"Totem Salmon - Life Lessons from Another Species" by Freeman House

"My straining senses slow down the sound so that each of its parts can be heard separately. A hiss, barely perceptible, as the fish muscles itself right out of its living medium; silence like a dozen monks pausing too long between the strophes of a chant as the creature arcs through the dangerous air; a crash as of a basketball going through a plate glass window as he or she returns to the velvet embrace of the water; and then a thousand tiny bells struck once only as the shards of water fall and the surface of the stream regains its viscous integrity."

"I flick on my headlamp and the whole backwater pool seems to leap toward me. The silver streak that crosses the enclosure in an instant is a flash of lightning within my skull, one which heals the wound that has separated me from this moment -- from any moment. The encounter is so perfectly complex, timeless, and reciprocal that it takes on an objective reality of its own. I am able to walk around it as if it were a block of carved stone. If my feelings could be reduced to a chemical formula, the experience would be a clear solution made up of equal parts of dumb wonder and clean exhilaration, colored through with a sense of abiding dread. I could write a book about it."

And here it is.

The Mattole River, where this story takes place, flows from the northwestern tip of California's Mendocino County, first a dozen miles northeast and then about sixty miles northwest through remote rural Humboldt County to its mouth at Petrolia. What keeps the river from reaching the Pacific Ocean any sooner is the King Range rising precipitously from the "Lost Coast", a stretch of beach frequented only by hikers and the occasional small plane. Getting to the Mattole from the freeway is at least an hour's drive on winding country roads.

This watershed, like much of southern Humboldt County, was logged in the fifties and sixties, and in the late sixties and seventies a substantial portion of it was sold to urban refugees, "reinhabitants". Over the next three decades, quite a few of them committed to the task of restoring the watershed to health. Two of these were David Simpson and Freeman House who together conceived and founded the Mattole Watershed Salmon Support Group. "Totem Salmon" tells the story of this work.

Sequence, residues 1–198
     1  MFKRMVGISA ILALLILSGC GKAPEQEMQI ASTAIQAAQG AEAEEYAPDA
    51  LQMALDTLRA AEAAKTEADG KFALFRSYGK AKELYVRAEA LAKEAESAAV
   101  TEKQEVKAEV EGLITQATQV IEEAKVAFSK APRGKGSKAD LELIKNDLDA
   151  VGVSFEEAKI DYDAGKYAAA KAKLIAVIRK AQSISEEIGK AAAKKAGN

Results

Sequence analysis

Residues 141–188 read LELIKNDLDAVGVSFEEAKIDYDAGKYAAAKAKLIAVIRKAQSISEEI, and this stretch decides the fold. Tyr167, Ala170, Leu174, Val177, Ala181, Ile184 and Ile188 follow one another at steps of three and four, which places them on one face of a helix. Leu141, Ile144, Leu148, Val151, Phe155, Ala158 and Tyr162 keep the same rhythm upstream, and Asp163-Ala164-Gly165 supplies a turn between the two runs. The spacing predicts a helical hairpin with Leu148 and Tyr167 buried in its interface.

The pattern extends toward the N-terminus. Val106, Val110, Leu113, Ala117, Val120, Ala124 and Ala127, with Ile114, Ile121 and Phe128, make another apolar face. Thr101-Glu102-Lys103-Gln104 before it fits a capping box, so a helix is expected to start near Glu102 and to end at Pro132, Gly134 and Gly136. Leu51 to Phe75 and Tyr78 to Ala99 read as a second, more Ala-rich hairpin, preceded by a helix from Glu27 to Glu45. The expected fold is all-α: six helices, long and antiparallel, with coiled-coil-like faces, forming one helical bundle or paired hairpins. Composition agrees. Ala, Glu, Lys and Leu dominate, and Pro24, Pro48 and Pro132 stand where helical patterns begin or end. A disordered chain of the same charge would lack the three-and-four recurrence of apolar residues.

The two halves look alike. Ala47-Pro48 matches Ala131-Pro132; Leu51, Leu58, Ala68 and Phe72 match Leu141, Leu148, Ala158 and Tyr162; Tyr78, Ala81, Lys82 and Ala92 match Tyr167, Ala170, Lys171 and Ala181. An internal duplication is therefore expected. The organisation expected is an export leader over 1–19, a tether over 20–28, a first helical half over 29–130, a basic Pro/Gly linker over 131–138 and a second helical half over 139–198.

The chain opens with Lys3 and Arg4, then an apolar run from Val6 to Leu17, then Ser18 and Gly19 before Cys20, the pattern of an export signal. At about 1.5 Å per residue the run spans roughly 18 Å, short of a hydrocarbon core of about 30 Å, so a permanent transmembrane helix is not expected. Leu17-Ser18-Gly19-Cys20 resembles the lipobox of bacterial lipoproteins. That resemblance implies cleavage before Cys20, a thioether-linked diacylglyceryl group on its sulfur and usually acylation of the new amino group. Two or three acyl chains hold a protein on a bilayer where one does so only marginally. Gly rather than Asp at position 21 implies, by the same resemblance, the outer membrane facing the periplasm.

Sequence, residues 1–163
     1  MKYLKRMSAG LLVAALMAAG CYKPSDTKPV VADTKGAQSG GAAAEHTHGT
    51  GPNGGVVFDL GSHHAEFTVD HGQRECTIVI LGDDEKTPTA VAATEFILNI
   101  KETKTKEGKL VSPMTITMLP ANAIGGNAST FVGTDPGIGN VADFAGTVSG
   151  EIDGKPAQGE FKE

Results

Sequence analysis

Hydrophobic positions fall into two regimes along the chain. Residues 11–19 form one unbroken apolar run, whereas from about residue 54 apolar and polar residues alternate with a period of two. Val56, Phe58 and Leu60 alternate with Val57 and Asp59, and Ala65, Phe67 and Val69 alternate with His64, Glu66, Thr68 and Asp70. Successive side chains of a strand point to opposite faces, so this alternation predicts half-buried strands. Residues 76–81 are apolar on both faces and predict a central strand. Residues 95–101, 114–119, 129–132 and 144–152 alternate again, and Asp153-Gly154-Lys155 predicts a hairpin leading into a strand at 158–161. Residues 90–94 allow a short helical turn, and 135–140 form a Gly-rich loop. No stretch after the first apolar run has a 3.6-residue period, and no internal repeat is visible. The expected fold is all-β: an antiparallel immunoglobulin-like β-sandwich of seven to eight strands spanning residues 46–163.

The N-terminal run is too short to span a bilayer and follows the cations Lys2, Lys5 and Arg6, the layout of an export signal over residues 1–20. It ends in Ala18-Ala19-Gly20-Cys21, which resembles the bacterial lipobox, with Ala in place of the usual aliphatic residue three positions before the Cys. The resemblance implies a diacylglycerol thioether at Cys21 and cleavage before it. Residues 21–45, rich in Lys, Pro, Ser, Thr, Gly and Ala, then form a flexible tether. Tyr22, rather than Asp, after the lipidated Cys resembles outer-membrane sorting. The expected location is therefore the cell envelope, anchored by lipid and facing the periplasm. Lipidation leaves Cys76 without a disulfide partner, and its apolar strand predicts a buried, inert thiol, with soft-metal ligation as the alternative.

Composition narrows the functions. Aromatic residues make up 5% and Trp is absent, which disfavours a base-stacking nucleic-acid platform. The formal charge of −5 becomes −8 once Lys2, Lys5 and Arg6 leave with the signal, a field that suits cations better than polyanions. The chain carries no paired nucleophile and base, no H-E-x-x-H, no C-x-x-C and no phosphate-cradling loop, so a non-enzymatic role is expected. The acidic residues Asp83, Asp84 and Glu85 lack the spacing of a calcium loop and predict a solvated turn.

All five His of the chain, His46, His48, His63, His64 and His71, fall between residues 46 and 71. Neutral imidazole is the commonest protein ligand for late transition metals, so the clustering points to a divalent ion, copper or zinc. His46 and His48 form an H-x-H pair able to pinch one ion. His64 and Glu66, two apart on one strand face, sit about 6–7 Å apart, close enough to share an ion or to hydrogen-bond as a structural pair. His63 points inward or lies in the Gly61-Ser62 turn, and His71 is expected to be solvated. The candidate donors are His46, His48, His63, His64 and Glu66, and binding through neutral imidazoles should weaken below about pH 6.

Salmon is an indicator species. Their health, as a population, closely tracks the health of the watershed to which they return. If you want to know how well a river valley is doing in the Pacific Northwest, look at the salmon runs, if there are any left. The principal enemy of the salmon is silt, produced by erosion usually from badly built roads and culverts, and from logging. Salmon need clean gravel in the streambed for eggs to survive and hatch. Well forested valleys with little erosion provide the best stream habitat for hatching and rearing salmon.

In 1950, before logging, it is recalled by the older Mattole valley residents, that, when they were running, "you could walk across the river on the backs of the salmon". In 1980, before restoration work began, the runs were down to perhaps 200 fish. More, those fish were the last wild salmon run in the state.

Looking back after reading the book, one could see the first phrase, "I am alone...", as a key to the work. Rooted in an explicit sense of self, spiraling out through sensory subtleties of immediate nature, to the larger cultural complexities, Mr. House melds what are usually seen as distinct worlds into a coherent portrait of a personal and multi-species reality. Like the salmon traversing the several worlds of ocean, river, air and creek, the personal, philosophical, cultural, historical, administrative, ecological, and cosmic threads are finely woven into a narrative yielding a shimmering presence of spirit and nature.

The book is a deeply enjoyable memoir of a long personal relationship with salmon. Along the way we see the history of the Euro-American relationship with this species, and that of the Native-American people who were here managing these watersheds long before. We learn of the state and federal administrative context of salmon management and the history of our, first, ignorance, and then, study of the anadromous species and their rivers. In clear and moving images, and with affection and humor, we see the people on the Mattole River who have joined hands for eighteen years to rescue this last wild run of salmon from extinction. Lastly we see the hopeful results and the tenuous circumstances of their work.

We might expect it to be a text for salmon restoration, and while the specifics are there they are widely scattered throughout the book. More attention is given to the wider question of how we got here, and how we can get through this to a more wholesome, rooted, and appreciative life in our particular place. If it is a text -- and Mr. House would say it is not -- it is a meta-instructional one, showing a way to become a people who will do the right thing for the watershed and thus for the salmon. The personal explorations in the book demonstrate by example the message beneath the text: by immersing ourselves in the reality of our local valley we can rescue both the health of our watersheds and our sense of ourselves. In the end, we see that they are the same journey; the salmon reflect to us our understanding of self and place.

The epilogue quotes Paul Schell, Mayor of Seattle, "Ironically, as we work to save the salmon, it may turn out that the salmon save us."

You can find the book at: Totem Salmon - Life Lessons from Another Species
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